Russian President Dmitry Medvedev said accusations of fraud that led to large protests following last weekend’s parliamentary elections should be investigated.
Medvedev’s call, which echoes a similar statement he made on Dec. 6, follows nationwide protests yesterday when tens of thousands gathered in Moscow to demonstrate against alleged electoral fraud.
“People have a right to express their position which they did yesterday,” Medvedev said on his Facebook page today. “I do not agree with any slogans or statements made at rallies. Nevertheless, I have been instructed to check the procedures with the polling stations regarding compliance with the legislation on elections.”
Twenty-five thousand people gathered in central Moscow yesterday in near-freezing temperatures. There were no detentions or violence, police said. Several thousand demonstrated in St. Petersburg and more than 15,000 in about 30 other cities across the world’s biggest country by area, RIA Novosti reported.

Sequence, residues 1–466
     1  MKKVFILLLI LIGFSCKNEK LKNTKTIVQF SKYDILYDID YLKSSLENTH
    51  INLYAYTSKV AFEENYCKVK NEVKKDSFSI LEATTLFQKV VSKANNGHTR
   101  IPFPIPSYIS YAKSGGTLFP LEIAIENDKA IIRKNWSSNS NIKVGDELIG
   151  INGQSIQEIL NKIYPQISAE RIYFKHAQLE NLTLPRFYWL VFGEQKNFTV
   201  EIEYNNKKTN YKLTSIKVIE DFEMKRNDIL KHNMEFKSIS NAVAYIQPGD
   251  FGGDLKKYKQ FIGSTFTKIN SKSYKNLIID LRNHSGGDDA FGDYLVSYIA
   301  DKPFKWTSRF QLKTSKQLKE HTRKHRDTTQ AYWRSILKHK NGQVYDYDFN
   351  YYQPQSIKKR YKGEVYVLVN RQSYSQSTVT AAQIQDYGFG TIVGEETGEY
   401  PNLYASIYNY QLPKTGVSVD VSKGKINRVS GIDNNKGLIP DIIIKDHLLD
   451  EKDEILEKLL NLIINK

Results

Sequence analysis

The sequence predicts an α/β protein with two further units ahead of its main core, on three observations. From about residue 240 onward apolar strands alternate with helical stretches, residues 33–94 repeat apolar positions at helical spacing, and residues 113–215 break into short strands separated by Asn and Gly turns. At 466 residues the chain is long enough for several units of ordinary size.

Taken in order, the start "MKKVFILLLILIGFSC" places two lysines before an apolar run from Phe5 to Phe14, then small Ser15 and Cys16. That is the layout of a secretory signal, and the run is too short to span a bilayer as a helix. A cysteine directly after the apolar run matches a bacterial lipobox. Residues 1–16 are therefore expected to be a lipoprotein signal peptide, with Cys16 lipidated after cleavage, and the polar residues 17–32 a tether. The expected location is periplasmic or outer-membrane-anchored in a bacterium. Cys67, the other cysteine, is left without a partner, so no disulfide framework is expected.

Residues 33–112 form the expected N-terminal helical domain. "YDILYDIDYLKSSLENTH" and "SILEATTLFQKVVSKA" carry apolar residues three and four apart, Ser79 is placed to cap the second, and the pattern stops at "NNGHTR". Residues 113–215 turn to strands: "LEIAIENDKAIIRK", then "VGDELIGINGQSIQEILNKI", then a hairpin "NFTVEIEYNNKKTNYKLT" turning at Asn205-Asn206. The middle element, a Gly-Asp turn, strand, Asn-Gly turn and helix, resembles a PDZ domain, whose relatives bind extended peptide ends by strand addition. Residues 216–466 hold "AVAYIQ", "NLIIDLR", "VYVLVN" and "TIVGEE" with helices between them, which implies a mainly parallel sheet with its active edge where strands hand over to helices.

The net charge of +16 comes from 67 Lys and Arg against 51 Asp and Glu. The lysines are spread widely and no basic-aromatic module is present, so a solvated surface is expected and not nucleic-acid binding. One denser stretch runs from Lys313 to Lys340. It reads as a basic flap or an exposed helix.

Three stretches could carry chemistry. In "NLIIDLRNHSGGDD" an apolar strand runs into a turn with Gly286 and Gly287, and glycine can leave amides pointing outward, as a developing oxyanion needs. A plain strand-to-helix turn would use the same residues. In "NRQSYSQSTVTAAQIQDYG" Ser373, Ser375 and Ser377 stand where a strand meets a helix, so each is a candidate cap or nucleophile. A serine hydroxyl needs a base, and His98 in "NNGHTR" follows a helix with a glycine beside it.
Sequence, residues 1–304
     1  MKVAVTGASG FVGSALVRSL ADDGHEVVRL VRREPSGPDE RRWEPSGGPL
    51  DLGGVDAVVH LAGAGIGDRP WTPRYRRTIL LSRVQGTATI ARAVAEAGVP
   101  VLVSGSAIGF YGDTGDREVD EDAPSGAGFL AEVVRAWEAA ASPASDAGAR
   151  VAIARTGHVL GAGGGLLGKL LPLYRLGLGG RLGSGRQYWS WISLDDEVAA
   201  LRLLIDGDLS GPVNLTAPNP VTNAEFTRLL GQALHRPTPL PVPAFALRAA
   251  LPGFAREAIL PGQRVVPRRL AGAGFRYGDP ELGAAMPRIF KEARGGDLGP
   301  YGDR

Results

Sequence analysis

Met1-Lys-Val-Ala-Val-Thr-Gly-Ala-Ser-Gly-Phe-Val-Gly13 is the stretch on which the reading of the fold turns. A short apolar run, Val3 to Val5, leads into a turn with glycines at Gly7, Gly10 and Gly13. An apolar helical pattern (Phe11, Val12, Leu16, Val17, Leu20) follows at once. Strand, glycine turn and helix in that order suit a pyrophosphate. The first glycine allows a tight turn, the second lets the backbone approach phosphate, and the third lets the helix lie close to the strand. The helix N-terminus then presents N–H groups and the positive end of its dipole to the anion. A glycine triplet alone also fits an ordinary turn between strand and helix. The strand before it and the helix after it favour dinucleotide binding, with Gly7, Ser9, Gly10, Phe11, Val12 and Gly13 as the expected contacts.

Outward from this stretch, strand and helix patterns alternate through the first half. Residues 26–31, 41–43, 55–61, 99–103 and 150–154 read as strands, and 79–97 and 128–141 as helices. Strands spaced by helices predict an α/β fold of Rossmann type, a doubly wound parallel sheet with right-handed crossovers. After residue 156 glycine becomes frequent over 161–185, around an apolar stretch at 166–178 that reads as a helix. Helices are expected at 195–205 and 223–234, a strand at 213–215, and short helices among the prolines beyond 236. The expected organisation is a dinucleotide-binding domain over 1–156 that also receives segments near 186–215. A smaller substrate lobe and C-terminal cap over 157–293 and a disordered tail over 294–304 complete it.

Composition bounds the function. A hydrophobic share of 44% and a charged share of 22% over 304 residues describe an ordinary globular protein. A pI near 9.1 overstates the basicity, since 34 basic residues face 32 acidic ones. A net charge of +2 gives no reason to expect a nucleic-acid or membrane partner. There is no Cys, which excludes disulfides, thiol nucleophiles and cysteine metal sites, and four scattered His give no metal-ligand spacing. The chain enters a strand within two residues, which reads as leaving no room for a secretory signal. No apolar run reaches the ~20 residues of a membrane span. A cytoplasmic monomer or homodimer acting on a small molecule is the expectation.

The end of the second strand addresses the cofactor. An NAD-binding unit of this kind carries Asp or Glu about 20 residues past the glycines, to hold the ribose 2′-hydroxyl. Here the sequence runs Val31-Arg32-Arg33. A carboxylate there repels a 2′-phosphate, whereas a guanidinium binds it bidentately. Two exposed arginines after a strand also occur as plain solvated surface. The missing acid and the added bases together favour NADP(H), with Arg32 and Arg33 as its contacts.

In Moscow, Europe’s largest city, the official results gave Prime Minister Vladimir Putin’s United Russia party more than 46 percent of the vote, compared with 27.5 percent in an exit poll by the Public Opinion Foundation.
Medvedev’s human-rights council said it was “extremely concerned” about fraud complaints against the parliamentary poll and the vote should be repeated if the violations were serious enough to alter the results, according to a statement on the panel’s website.
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